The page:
I want to show that:

If $p(v)=0\Leftrightarrow v=0$, $p(\lambda v)=|\lambda|p(v)$, then $p$ is a norm if and only if the unit ball is convex.

One direction is easy: If $p$ is a norm, then for any $\lambda\in[0,1]$ one has \begin{equation*} p(\lambda x+(1-\lambda)y)\leq p(\lambda x)+(1-\lambda)p(y)=\lambda p(x)+(1-\lambda)p(y)\leq\lambda+ (1-\lambda)=1\text{,} \end{equation*}so $\left\{\lambda x+(1-\lambda)y|\lambda\in[0,1]\right\}$ is contained in the unit ball.

But I have no clue how to do the other direction. Can anyone give me a hint?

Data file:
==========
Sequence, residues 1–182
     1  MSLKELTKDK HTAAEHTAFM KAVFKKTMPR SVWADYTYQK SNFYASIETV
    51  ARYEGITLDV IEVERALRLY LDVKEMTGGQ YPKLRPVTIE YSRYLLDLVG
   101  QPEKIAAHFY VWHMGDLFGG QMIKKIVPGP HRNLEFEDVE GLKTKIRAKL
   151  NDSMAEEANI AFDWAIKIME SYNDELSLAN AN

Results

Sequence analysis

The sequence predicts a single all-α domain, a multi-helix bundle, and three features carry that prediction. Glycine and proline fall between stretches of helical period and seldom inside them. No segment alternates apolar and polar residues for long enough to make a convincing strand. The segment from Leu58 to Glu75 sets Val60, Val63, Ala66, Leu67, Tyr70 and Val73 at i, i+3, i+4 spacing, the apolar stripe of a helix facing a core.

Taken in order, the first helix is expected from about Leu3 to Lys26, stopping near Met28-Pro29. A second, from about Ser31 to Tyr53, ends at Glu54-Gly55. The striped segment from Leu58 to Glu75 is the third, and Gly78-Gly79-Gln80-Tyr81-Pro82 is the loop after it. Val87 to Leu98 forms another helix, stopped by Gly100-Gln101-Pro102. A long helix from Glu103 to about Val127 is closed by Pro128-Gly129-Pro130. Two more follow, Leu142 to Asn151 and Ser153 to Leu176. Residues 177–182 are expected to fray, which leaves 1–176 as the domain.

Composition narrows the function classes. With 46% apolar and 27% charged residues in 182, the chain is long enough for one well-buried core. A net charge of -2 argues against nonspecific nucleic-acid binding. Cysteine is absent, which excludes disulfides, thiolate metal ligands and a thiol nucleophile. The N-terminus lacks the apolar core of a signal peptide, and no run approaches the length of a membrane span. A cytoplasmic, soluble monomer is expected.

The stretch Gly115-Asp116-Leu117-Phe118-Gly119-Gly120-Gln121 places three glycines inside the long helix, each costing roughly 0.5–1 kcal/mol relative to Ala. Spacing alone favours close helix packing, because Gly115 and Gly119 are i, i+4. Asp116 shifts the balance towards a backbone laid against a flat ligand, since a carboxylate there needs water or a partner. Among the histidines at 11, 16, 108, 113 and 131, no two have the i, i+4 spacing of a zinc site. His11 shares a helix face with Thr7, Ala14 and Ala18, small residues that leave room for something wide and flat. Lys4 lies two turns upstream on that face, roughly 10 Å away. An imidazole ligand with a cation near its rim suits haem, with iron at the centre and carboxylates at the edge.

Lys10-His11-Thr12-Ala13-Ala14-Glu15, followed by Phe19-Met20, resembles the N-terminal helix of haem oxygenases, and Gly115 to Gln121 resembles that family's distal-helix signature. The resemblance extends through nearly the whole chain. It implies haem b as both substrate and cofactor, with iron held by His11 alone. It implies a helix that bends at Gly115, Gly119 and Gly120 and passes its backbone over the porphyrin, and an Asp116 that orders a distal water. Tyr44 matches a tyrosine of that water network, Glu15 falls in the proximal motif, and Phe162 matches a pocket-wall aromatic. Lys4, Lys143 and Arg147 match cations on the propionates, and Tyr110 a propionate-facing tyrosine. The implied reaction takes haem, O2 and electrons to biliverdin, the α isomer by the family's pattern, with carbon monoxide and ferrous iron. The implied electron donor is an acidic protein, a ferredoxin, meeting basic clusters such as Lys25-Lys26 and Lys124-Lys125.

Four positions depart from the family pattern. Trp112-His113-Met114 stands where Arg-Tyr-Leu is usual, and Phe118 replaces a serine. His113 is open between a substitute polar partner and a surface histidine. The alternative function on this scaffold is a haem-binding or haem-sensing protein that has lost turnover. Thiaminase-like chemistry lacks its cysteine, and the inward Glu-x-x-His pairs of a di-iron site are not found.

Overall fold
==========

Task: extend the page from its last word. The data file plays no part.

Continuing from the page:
Take $x,y\neq0$ and set $x^*=\frac{x}{\rho(x)}$ and so $y^*=\frac{y}{\rho(y)}$ $$\rho(\frac{x+y}{\rho(x)+\rho(y)})=\rho(\frac{\rho(x)}{\rho(x)+\rho(y)}x^*+\frac{\rho(y)}{\rho(x)+\rho(y)}y^*)=\star$$Now, notice that $$\frac{\rho(y)}{\rho(x)+\rho(y)}=1-\frac{\rho(x)}{\rho(x)+\rho(y)}$$so set $\lambda=\frac{\rho(x)}{\rho(x)+\rho(y)}$ (can you prove that $\lambda\in[0,1]$?), so you have $$\star=\rho(\lambda x^*+(1-\lambda)y^*)$$ and $x^*,y^*$ belong to the unit ball. Can you continue from here?

  • $\begingroup$ aaaaaaaaaaaaaaaaaaaaaaaaaaaaaaaaaaah as usual a severe case of "not seeing the wood for all the trees". $\endgroup$ Apr 16 at 15:07

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